Alzheimer's Awareness Month: Seven Tips For Caregivers
Posted June 20, 2018 by Natalie Kayani, M.D. Geriatric Medicine
Did you know 5.7 million Americans are living with Alzheimer's disease? Every 65 seconds, someone in the US develops this disease. It is the most common form of dementia and affects women at almost double the rate of men. Dementia diseases relate to the brain’s ability to regulate memory and cognitive skills. Other forms of dementia include Parkinson’s and Huntington's disease and vascular dementia, dementia with Lewy bodies and mixed dementia.
June is Alzheimer’s Awareness Month. This disease can be stressful, debilitating and challenging for patients but can also significantly affect the lives of the patient’s family and primary caregiver. Below are a few tips to help mitigate the challenges associated with caring for someone with this disease:
- Develop easy routines and reduce frustrations. One of the biggest challenges in the beginning stages of Alzheimer's is figuring out how much assistance to give and when. This is where it is helpful to begin easy routines. Try to eat meals around the same time every day. If you can determine what time of day your loved one is most alert, plan the majority of activities or decision-making tasks at that time. For example, if you know that planning what to eat can become frustrating by the middle of the week, ask for help in preparing a grocery list and food prep early in the week. Always assume your loved one can make decisions on their own. Only offer suggestions or help once it appears the task is turning stressful. A routine is great but always allow some flexibility for difficult days.
- Safeguard the living space. Consider the same steps new parents make when baby-proofing their home. You want to prevent accidents like slips, falls and the use of harmful chemicals.
- Prepare and plan for a “wandering” incident. Six in 10 people with dementia will wander away. When this happens, a person may not remember their address, phone number or even their own name. When proofing the living space, consider devices that can alert you when a door or window has been opened. Keep a current photo and contact information with you and in bags, purses and wallets that are easily accessible. Have a list of phone numbers ready and inform all your neighbors and friends to alert you should they see your loved one out alone. Spend no more than 15 minutes looking outside before calling 911 and alert them your missing person has Alzheimer’s and is a “vulnerable adult.”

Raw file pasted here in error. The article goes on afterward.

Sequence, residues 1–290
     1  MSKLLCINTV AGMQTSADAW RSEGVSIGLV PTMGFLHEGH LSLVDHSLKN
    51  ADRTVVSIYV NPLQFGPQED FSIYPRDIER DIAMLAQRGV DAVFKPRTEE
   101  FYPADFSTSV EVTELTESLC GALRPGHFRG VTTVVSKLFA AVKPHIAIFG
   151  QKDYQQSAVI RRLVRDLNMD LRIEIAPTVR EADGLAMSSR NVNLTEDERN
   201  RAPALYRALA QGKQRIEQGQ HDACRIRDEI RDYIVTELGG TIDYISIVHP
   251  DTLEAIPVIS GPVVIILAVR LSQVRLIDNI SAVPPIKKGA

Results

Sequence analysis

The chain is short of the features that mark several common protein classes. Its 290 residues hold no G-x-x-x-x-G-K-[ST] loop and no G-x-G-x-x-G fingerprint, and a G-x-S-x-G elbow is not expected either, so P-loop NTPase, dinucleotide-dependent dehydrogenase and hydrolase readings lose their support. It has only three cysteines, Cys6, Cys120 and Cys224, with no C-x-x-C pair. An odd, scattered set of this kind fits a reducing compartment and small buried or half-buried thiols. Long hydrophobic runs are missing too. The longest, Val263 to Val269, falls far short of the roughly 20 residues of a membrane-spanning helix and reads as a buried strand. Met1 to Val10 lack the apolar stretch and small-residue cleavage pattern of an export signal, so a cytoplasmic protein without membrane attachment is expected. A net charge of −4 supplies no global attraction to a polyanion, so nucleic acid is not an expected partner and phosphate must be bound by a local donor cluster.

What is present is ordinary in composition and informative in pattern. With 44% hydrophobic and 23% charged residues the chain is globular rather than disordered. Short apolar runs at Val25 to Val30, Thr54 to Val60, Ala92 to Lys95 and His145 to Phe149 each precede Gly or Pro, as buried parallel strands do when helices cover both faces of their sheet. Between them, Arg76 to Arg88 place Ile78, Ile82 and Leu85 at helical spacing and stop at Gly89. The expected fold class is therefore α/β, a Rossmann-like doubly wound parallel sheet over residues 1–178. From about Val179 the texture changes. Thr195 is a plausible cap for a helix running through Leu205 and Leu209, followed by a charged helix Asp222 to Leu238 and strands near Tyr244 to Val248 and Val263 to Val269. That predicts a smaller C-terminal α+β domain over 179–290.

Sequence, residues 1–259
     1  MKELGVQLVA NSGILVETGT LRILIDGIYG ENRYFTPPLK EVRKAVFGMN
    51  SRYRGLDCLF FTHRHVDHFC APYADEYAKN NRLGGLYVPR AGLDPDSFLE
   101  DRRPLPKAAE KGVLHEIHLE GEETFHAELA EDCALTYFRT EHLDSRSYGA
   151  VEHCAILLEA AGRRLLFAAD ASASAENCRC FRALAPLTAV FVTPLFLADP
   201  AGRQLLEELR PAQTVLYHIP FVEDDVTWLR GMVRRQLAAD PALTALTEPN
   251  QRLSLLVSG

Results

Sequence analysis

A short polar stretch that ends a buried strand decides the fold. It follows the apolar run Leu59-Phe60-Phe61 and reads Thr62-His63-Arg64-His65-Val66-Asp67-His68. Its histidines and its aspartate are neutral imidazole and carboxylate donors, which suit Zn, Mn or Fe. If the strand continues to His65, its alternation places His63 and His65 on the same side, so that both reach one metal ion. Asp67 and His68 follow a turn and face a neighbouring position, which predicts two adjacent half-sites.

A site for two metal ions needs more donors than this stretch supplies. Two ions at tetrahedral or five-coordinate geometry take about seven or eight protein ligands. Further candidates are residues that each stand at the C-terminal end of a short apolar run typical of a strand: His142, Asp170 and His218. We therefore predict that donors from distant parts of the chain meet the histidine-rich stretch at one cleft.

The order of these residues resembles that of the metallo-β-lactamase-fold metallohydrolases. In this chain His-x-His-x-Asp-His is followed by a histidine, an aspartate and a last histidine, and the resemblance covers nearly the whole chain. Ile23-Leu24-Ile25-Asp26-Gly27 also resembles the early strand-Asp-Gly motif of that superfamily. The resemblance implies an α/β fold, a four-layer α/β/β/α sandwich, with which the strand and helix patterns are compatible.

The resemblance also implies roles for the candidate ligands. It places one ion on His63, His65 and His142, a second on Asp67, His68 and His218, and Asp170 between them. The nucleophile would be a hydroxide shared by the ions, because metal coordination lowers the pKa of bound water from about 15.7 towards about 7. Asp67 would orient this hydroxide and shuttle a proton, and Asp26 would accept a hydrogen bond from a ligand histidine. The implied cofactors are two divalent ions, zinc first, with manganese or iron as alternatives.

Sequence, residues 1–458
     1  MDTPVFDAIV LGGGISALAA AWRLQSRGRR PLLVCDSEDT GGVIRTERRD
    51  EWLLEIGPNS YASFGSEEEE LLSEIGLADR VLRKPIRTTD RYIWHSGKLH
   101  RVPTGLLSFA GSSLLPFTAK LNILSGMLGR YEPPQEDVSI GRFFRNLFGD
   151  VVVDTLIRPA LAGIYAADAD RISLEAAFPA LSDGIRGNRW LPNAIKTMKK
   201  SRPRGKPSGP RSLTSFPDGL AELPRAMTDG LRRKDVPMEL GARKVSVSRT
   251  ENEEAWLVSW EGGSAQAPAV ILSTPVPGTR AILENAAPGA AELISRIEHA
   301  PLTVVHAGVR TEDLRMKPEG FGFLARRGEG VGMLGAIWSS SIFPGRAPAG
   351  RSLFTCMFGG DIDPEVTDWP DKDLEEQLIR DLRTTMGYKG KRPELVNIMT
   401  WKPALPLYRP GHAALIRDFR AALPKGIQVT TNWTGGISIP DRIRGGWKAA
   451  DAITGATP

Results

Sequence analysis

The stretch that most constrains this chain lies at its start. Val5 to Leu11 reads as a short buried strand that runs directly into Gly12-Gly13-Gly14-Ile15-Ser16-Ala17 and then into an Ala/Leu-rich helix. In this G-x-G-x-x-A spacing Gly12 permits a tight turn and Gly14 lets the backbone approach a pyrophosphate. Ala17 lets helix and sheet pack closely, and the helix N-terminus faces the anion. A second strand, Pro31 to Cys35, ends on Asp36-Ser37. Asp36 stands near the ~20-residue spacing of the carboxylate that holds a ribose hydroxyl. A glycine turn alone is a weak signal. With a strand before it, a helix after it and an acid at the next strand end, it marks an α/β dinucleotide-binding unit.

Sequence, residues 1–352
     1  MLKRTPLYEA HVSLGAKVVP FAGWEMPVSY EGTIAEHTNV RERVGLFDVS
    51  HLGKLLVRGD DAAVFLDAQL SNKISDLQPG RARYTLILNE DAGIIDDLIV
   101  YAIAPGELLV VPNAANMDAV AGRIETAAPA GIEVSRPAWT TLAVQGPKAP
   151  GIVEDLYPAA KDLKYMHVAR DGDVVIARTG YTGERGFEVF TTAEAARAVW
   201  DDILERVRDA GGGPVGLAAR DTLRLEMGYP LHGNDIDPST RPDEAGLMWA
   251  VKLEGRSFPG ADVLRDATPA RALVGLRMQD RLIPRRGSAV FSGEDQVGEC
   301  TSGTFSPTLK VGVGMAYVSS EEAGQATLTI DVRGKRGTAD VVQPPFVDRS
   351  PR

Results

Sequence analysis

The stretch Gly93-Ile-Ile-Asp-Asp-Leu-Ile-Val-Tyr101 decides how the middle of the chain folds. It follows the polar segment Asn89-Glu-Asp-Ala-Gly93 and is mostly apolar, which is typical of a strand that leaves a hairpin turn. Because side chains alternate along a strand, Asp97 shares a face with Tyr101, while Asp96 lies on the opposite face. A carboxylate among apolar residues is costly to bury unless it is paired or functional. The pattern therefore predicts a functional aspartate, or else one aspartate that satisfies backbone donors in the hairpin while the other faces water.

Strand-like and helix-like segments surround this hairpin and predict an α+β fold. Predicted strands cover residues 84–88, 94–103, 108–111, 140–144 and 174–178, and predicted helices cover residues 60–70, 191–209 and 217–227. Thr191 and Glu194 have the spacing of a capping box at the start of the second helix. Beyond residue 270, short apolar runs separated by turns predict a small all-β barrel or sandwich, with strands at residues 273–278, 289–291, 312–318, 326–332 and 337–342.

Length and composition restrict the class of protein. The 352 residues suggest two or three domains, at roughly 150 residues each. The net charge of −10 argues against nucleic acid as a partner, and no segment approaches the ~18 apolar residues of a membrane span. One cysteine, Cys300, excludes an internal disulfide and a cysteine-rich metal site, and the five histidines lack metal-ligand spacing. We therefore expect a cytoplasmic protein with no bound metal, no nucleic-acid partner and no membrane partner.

- Maintain regular activities the person enjoys. If your loved one enjoys crafting, keep simple project materials around. Or if they play an instrument, keep those within eyesight.
- Keep things simple yet engaging. Keeping the brain stimulated and active is a big resource in the fight against this disease. To mitigate frustrations and mood changes, keep things simple but still ask questions, preferences and opinions on ideas. For example, give two clothing options and ask for their opinion. Or provide two outdoor activities you could do together and let them pick.
- Evaluate your emotions and expectations. It goes without saying that this will be stressful at times. It is important to check in and evaluate your mental health as well. Find a support group. There are a variety of reasons to do this but the most important is to find people to share your experiences, frustrations and tips (or failures) with.
- Know when it is time to explore additional care options. The last stage of Alzheimer’s can last from several weeks to years. As it progresses, symptoms can drastically affect a patient’s quality of life. Patients can require 24-hour care and help with eating, walking and personal care. They can also be extremely vulnerable to infections, like pneumonia. This care can sometimes exceed what can be provided at home. Though this decision is often the most difficult one, knowing your resources and options gives you the best opportunity at providing your loved one with the care they need.
Caring for an older adult or someone with complex medical needs is hard work. Summa Health System is proud to assist with the resources and medical services your loved ones may need with one of the largest teams of geriatricians and senior healthcare specialists in Northeast Ohio. To make an appointment, call 330.375.4100.